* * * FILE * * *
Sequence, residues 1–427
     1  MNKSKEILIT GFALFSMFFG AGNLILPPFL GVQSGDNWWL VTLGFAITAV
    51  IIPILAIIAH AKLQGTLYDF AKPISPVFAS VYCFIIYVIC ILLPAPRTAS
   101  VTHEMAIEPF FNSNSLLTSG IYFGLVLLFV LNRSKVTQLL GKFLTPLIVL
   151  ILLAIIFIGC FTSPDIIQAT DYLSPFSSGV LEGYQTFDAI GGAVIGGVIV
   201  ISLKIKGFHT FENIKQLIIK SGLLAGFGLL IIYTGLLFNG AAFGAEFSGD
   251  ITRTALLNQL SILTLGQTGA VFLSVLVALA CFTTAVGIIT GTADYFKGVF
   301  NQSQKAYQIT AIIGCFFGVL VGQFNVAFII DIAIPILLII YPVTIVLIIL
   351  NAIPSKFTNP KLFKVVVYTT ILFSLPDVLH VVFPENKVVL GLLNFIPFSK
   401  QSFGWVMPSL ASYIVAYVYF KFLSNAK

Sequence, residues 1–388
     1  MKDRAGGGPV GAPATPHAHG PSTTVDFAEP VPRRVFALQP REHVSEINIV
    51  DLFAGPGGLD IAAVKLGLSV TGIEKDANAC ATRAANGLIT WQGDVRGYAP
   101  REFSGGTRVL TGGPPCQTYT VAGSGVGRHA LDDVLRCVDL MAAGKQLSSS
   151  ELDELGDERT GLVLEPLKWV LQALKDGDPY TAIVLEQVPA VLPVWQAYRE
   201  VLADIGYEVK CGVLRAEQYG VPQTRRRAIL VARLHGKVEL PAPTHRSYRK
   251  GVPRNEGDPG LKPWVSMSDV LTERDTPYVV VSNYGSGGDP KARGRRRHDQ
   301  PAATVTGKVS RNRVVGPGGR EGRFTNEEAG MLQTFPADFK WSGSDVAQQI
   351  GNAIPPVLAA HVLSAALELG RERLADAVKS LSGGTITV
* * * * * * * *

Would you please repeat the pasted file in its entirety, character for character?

Sequence, residues 1–427
     1  MNKSKEILIT GFALFSMFFG AGNLILPPFL GVQSGDNWWL VTLGFAITAV
    51  IIPILAIIAH AKLQGTLYDF AKPISPVFAS VYCFIIYVIC ILLPAPRTAS
   101  VTHEMAIEPF FNSNSLLTSG IYFGLVLLFV LNRSKVTQLL GKFLTPLIVL
   151  ILLAIIFIGC FTSPDIIQAT DYLSPFSSGV LEGYQTFDAI GGAVIGGVIV
   201  ISLKIKGFHT FENIKQLIIK SGLLAGFGLL IIYTGLLFNG AAFGAEFSGD
   251  ITRTALLNQL SILTLGQTGA VFLSVLVALA CFTTAVGIIT GTADYFKGVF
   301  NQSQKAYQIT AIIGCFFGVL VGQFNVAFII DIAIPILLII YPVTIVLIIL
   351  NAIPSKFTNP KLFKVVVYTT ILFSLPDVLH VVFPENKVVL GLLNFIPFSK
   401  QSFGWVMPSL ASYIVAYVYF KFLSNAK

Sequence, residues 1–388
     1  MKDRAGGGPV GAPATPHAHG PSTTVDFAEP VPRRVFALQP REHVSEINIV
    51  DLFAGPGGLD IAAVKLGLSV TGIEKDANAC ATRAANGLIT WQGDVRGYAP
   101  REFSGGTRVL TGGPPCQTYT VAGSGVGRHA LDDVLRCVDL MAAGKQLSSS
   151  ELDELGDERT GLVLEPLKWV LQALKDGDPY TAIVLEQVPA VLPVWQAYRE
   201  VLADIGYEVK CGVLRAEQYG VPQTRRRAIL VARLHGKVEL PAPTHRSYRK
   251  GVPRNEGDPG LKPWVSMSDV LTERDTPYVV VSNYGSGGDP KARGRRRHDQ
   301  PAATVTGKVS RNRVVGPGGR EGRFTNEEAG MLQTFPADFK WSGSDVAQQI
   351  GNAIPPVLAA HVLSAALELG RERLADAVKS LSGGTITV